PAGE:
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Chiropractic Research Review

Are Condition-Specific Surveys Necessary?

Surveys of self-reported health, including the Oswestry Disability Index and the SF-36, are frequently used to assess patient outcomes. However, the responsiveness of these surveys to changes in patient condition has not been fully compared, despite their common usage.

Although condition-specific surveys are generally considered more responsive to changes in status than general health surveys for low-back pain, adequate research does not support this hypothesis.

Using an analysis of data gathered from patients in 27 National Spine Network member centers, this study evaluated the responsiveness of MODEMS (Musculoskeletal Outcomes Data Evaluation and Management System) scales, the Oswestry Index and SF-36 scales for patients presenting with low-back pain with leg symptoms. Each of these forms includes at least one pain scale, as well as other questions. The MODEMS and Oswestry measure the degree of functional limitation imposed upon a patient by low-back pain; the SF-36 assesses the patient's overall health status. The authors analyzed surveys of patients with herniated discs, spondylosis or spinal stenosis, completed initially and three months after treatment. Most patients utilized multiple forms of treatment, including surgery (27%) and chiropractic care (18%).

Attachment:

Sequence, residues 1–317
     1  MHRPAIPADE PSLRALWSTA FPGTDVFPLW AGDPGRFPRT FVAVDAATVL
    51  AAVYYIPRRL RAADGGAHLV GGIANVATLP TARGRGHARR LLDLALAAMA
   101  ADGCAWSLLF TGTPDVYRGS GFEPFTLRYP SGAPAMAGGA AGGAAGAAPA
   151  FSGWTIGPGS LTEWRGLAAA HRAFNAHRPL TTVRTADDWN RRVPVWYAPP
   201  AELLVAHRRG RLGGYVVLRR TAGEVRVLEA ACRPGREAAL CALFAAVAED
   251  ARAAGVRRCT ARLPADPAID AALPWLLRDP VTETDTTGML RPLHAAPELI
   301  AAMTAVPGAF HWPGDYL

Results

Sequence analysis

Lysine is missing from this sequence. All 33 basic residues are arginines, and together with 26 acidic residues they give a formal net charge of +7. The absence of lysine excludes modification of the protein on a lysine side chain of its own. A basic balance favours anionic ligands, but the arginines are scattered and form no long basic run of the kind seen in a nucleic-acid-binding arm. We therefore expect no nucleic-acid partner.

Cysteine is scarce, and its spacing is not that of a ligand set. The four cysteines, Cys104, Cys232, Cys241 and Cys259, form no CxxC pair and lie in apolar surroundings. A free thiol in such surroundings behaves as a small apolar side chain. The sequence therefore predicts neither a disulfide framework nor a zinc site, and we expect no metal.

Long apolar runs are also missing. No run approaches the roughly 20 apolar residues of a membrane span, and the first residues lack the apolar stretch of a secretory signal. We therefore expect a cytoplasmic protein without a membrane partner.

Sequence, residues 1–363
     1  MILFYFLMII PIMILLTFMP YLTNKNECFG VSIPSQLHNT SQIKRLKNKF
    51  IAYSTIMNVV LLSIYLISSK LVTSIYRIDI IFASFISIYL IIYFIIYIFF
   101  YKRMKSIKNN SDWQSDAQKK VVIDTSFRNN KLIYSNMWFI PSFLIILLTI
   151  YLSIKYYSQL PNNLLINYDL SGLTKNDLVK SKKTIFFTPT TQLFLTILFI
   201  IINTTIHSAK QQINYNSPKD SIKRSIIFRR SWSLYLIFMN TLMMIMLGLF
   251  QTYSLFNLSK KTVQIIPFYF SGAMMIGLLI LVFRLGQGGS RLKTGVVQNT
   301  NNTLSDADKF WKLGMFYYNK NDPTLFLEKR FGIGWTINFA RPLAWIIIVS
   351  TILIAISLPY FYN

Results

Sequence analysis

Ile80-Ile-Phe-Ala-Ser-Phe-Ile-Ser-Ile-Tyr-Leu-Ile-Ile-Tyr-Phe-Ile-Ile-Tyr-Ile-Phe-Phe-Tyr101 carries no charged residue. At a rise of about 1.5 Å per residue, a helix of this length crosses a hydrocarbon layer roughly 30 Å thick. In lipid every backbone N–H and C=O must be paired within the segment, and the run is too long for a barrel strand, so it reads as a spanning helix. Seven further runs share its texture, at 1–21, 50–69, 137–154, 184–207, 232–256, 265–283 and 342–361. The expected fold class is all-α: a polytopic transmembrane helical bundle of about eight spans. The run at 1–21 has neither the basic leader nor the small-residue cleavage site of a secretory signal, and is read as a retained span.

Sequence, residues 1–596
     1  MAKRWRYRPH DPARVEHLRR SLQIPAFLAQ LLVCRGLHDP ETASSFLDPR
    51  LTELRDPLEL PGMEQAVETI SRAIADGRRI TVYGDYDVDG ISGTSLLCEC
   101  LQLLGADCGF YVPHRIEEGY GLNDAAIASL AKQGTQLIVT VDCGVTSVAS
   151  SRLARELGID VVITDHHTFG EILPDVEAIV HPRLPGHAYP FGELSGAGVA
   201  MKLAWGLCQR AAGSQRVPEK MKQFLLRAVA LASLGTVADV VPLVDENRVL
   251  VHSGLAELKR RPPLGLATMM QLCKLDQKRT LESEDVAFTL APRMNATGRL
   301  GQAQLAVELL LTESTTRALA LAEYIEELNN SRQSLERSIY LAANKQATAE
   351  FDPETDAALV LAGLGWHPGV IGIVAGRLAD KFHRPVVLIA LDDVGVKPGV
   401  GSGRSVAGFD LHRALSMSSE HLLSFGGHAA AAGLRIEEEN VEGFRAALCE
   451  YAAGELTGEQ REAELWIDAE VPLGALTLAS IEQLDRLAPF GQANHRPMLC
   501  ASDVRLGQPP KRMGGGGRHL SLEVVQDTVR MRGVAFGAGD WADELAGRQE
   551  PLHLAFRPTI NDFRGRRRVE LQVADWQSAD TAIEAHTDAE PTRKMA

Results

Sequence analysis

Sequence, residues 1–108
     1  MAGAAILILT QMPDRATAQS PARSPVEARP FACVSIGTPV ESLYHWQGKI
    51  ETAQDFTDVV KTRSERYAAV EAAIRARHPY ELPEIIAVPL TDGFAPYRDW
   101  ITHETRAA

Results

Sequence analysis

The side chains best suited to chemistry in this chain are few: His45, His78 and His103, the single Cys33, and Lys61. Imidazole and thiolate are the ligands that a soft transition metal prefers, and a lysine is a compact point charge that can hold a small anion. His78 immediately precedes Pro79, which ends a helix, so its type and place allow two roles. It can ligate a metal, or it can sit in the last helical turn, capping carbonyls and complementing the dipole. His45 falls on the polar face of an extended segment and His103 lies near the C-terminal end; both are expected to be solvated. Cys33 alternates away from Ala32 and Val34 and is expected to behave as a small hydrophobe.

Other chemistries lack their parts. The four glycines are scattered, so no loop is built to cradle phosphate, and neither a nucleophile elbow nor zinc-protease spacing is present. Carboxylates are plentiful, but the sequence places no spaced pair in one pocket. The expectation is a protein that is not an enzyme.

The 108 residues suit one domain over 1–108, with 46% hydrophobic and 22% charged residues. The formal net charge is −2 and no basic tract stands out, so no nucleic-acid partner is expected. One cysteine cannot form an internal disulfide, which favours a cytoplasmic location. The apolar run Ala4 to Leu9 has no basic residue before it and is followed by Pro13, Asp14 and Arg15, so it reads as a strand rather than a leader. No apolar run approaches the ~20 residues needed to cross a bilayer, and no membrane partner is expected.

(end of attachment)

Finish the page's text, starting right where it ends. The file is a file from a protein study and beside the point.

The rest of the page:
Complete data from both survey periods were available for 970 patients. Pain scales showed significantly greater responsiveness than scales assessing function. No significant differences in responsiveness were noted between pain scales imbedded within the SF-36 and those of the MODEMS or Oswestry scales.

Conclusion: For studies of low-back pain, the general SF-36 may provide sufficient information on health status and patient function without additional condition-specific scales, which add to data collection and analysis burdens. The authors note, "Generalizing these findings beyond the issue of back pain / leg symptoms is probably unwise."

The purpose of this study was to determine if condition-specific instruments are necessary in low-back-pain research. The findings of this study may not be transferable to the typical clinical environment in which the DC wishes to document both pain and function of individual patients.

Walsh TL, Hanscom B, et al. Is a condition-specific instrument for patients with low back pain / leg symptoms really necessary? Spine 2003:28(6), pp. 607-615.
www.spinejournal.com

Chiropractic Research Review

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